## Tuesday, June 22, 2010

### Statsmodels: GSoC Week 4 Update

I spent the last week finishing up the paper that I submitted to accompany my talk at the SciPy conference. I am really looking forward to going to Austin and hearing all the great talks (plus I hear the beer is cheap and the food and music are good, which doesn't hurt). In addition to finishing up the paper, I have started to clean up our time series code.

So far this has included finishing the augmented Dickey-Fuller (ADF) test for unit roots. The big time sink here is that the ADF test-statistic has a non-standard distribution in most cases.  The ADF test statistic is obtained by running the following regression

$\Delta y_{t} = \alpha+\beta t+\gamma y_{t-1}+\delta_{1}\Delta y_{t-1} + \cdots +\delta_{p}\Delta y_{t-p}$

One approach to testing for a unit root means testing the t-stat on the coefficient on the lagged level of y.  The actual distribution for this statistic, however, is not Student's t.  Many software packages use the tables in Fuller (1976, updated to 1996 version or not) in order to get the critical values for the test statistic depending on the sample size.  They use linear interpolation for sample sizes not included in the table.  The p-values for the obtained test statistic are usually obtained using MacKinnon's (1994) study that estimated regression surfaces of these distributions via Monte Carlo simulation.

While we do use MacKinnon's approximate p-values from the 1994 paper, MacKinnon wrote a note updating this paper in early 2010, which gives new regression surface results for obtaining the critical values.  We use these new results for the critical values.  Therefore, when using our ADF test, it is advised that if the p-value is close to the reject/accept region then the critical values should be used in place of the p-value to make the ultimate decision.

We can illlustrate the use of ADF.  Note that this version is only in my branch and that it is still in the sandbox, even though it has now been tested, because the API and returned results may change.  We will demonstrate on a series that we can easily guess is non-stationary, real GDP.

In [1]: import scikits.statsmodels as sm

In [2]: from scikits.statsmodels.sandbox.tsa.stattools import adfuller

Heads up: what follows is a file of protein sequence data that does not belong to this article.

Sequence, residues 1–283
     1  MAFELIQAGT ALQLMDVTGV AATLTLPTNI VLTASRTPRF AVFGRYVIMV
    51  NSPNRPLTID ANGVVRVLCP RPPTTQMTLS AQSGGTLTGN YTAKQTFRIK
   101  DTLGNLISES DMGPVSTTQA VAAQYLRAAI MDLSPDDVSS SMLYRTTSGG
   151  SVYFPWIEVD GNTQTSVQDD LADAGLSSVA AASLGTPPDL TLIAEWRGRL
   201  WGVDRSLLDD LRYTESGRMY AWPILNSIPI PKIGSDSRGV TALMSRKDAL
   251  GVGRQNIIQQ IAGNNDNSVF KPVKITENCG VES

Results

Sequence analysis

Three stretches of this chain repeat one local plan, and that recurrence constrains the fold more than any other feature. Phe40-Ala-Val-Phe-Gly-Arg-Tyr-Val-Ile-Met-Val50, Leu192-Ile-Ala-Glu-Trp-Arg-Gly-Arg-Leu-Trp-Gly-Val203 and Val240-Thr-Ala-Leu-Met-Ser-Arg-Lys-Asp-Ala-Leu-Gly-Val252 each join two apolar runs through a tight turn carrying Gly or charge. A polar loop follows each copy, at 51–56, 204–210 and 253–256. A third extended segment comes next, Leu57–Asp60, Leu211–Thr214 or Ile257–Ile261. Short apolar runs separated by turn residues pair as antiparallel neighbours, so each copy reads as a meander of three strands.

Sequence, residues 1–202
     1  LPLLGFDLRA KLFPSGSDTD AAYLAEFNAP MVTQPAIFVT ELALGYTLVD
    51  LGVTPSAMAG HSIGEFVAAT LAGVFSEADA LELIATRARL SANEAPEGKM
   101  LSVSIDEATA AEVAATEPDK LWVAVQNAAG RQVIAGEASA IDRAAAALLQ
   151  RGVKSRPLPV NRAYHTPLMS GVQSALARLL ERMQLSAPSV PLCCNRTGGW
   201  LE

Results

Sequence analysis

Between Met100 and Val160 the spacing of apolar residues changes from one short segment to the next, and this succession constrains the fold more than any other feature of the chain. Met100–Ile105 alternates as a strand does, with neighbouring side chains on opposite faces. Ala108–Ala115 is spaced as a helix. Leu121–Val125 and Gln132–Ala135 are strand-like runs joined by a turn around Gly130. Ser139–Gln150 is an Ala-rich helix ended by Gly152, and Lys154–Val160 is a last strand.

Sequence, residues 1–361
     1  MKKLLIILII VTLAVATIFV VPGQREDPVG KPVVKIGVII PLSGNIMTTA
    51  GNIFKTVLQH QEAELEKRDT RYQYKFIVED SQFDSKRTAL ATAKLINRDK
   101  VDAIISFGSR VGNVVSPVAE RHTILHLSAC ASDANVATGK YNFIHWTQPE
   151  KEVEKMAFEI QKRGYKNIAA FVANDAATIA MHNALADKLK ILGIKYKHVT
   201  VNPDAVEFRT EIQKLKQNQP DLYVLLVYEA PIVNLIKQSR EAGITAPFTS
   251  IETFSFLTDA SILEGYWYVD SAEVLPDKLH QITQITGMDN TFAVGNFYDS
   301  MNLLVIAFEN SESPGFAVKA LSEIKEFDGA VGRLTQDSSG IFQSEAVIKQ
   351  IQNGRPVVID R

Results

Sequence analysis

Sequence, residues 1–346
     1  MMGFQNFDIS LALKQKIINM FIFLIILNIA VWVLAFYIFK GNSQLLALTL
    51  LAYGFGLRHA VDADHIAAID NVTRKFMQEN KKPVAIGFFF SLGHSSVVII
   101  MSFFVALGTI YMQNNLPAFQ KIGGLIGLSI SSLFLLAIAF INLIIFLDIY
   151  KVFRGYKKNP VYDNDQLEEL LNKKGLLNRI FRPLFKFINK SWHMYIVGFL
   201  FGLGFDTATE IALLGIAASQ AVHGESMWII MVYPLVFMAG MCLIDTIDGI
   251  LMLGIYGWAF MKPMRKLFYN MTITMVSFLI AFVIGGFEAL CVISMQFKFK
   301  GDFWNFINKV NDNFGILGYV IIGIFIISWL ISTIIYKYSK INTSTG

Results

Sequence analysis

In [4]: realgdp = data.data['realgdp']

Out[6]:
(-1.8566384063254346,
0.67682917510440099,
4,
198,
{'1%': -4.0052351400496136,
'10%': -3.1402115863254525,
'5%': -3.4329000694218998})


The return values are the test statistic, its p-value (the null-hypothesis here is that the series does contain a unit root), the number of lags of the differences used, the number of observations for the regression, and a dictionary containing the critical values at the respective confidence levels.  The regression option controls the type of regression (ie., whether to include a constant or a linear or quadratic time trend), and the autolag option has three options for choosing the lag length to help correct for serial correlation in the regression.  There are 'AIC', 'BIC', and 't-stat'.  The former two choose the lag length that maximizes the infofrmation criterion, the latter chooses the lag length based on the significance of the lag.  This starts with maxlag and works its way down.  The docstring has more detailed information.

Beyond this, I have been working on an autocorrelation function (acf), a  partial autocorrelation function (pacf), and Q-Statistics (Box-Ljung test). Next up for this week is finishing my VAR class with identification schemes.  After this, I will work to integrate post-estimation tests into our results classes, most likely using some sort of mix-in classes and attach test containers to the results objects for test results.  Then it's off to the SciPy conference. There I will hopefully be participating in the stats sprint, helping out with the docs marathon and discussing what we need for the future of statistics and Python.

Fuller, W.A.  1996.  Introduction to Statistical Time Series. 2nd ed.  Wiley.

MacKinnon, J.G. 1994.  "Approximate asymptotic distribution functions for
unit-root and cointegration tests.  Journal of Business and Economic
Statistics 12, 167-76.

MacKinnon, J.G. 2010. "Critical Values for Cointegration Tests."
Queen's University, Dept of Economics, Working Papers.  Available at
http://ideas.repec.org/p/qed/wpaper/1227.html


## Friday, June 11, 2010

### Statsmodels: GSoC Week 3 Update

[Edit: Formatting should be fixed now. I will not be reformatting old posts though, so that they don't get reposted at Planet SciPy]

Last week was spent mainly ensuring that I pass my comps and remain a PhD student. This week was much more productive for coding. For now, all changes are in my branch and have not been merged to trunk, but I will describe the two big changes.

The first concerns the datasets package. This one is not all that exciting, but suffice it to say that the datasets are now streamlined and use the Bunch pattern to load the data. Thanks, Gaël, for pointing this out. I also rewrote a bit of David's datasets proposal from scikits-learn to reflect the current design of our datasets and thoughts. You can see it here (soon to be on the docs page). We are making an effort to ensure that our datasets are going to be similar to those of scikits-learn.

The second change was an improvement of the fitting of maximum likelihood models and the start of a GenericLikelihoodModel class. Maximum likelihood based models (mainly discrete choice models in the main code base right now) can now be fit using any of the unconstrained solvers from scipy.optimize (Nelder-Mead, BFGS, CG, Newton-CG, Powell) plus Newton-Raphson. To take a simple example to see how it works, we can fit a Probit model.